Ontario rejects several supervised drug-use site applications, approved sites still waiting for funding
2019-06-09 from www.theglobeandmail.com
The Ontario government has rejected several applications for supervised drug-use sites and has yet to issue funding for those approved earlier this year, prompting fears the province is backing out of its commitment to overdose prevention and harm reduction services.
The province told the Middlesex-London Health Unit this week that its application for a permanent supervised drug-use site had been rejected. Two other sites in Toronto that had previously been rejected and told by the province to reapply, also had their applications rejected for a second time.
The issue of supervised drug-use sites has been controversial since the Conservative government came into office. Last year Premier Doug Ford said the government would temporarily pause the opening of any new sites until the province could conduct a review. In the fall, Health Minister Christine Elliott announced the province would allow a limited number of supervised drug-use sites under a new model, called Consumption and Treatment Services, that emphasizes access to treatment and other health services.
In March, the province approved the first 15 sites, noting that it may approve others as applications are received.
Many in London thought the health unit’s application would be approved and the rejection came as a surprise. Chris Mackie, the medical officer of health with the Middlesex-London Health Unit, said the rejection letter from the province offered no explanation. He said he expected the site to be okayed, as it had been backed by the previous Liberal government and a funding agreement with the province was in place.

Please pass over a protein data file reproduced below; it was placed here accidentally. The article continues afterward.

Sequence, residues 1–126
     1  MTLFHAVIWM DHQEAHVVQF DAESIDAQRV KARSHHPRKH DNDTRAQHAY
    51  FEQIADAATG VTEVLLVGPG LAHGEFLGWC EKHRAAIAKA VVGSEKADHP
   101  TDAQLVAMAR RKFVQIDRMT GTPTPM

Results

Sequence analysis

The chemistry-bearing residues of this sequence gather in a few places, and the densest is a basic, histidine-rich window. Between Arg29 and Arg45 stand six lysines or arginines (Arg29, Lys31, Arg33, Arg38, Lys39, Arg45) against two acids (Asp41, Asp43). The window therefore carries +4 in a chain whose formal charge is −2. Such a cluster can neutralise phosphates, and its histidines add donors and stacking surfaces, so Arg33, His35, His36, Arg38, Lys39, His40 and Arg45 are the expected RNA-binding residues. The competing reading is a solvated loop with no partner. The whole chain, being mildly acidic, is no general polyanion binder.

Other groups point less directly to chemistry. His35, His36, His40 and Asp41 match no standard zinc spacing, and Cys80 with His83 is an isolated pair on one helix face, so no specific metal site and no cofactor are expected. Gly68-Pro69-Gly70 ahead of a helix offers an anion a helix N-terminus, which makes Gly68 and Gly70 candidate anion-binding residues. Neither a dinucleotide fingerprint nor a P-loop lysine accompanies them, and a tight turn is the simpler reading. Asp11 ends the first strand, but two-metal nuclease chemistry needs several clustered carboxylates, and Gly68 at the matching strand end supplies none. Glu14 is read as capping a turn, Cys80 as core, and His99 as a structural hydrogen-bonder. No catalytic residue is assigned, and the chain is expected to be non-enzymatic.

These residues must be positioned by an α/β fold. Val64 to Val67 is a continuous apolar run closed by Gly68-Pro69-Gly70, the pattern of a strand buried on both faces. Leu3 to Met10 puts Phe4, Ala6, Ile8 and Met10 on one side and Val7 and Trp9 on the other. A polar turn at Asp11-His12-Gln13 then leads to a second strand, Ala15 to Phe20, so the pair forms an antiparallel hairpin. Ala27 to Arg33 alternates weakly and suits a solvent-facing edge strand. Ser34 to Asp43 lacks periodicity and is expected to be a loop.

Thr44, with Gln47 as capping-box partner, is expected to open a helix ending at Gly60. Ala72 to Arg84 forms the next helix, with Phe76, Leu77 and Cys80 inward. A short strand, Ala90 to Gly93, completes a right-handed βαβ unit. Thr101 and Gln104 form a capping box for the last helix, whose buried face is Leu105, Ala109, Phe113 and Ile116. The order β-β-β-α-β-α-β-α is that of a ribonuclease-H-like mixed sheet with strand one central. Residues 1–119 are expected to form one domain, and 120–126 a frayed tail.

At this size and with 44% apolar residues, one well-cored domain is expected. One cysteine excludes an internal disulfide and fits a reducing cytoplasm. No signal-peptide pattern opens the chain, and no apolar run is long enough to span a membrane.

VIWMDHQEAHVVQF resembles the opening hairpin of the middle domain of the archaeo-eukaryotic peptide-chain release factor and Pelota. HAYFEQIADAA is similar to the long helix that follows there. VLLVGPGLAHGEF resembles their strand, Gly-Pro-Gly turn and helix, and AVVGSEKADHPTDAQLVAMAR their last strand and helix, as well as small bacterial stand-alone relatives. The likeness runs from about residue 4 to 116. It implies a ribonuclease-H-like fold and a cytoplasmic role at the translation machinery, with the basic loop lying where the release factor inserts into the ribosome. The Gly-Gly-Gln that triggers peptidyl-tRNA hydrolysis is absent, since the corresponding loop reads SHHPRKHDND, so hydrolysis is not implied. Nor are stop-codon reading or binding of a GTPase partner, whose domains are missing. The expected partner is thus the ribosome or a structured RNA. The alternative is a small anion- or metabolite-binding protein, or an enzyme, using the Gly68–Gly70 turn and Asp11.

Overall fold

The health unit will continue operating a temporary supervised drug-use site a short distance away from the proposed permanent location, Dr. Mackie said, adding that the province has also encouraged them to apply for a mobile site.
As for the 15 approved sites announced in March, they are still waiting for the province to finalize funding agreements and provide them with operating money. Gillian Kolla, a co-ordinator with the Toronto Overdose Prevention Society, said many site operators are concerned.
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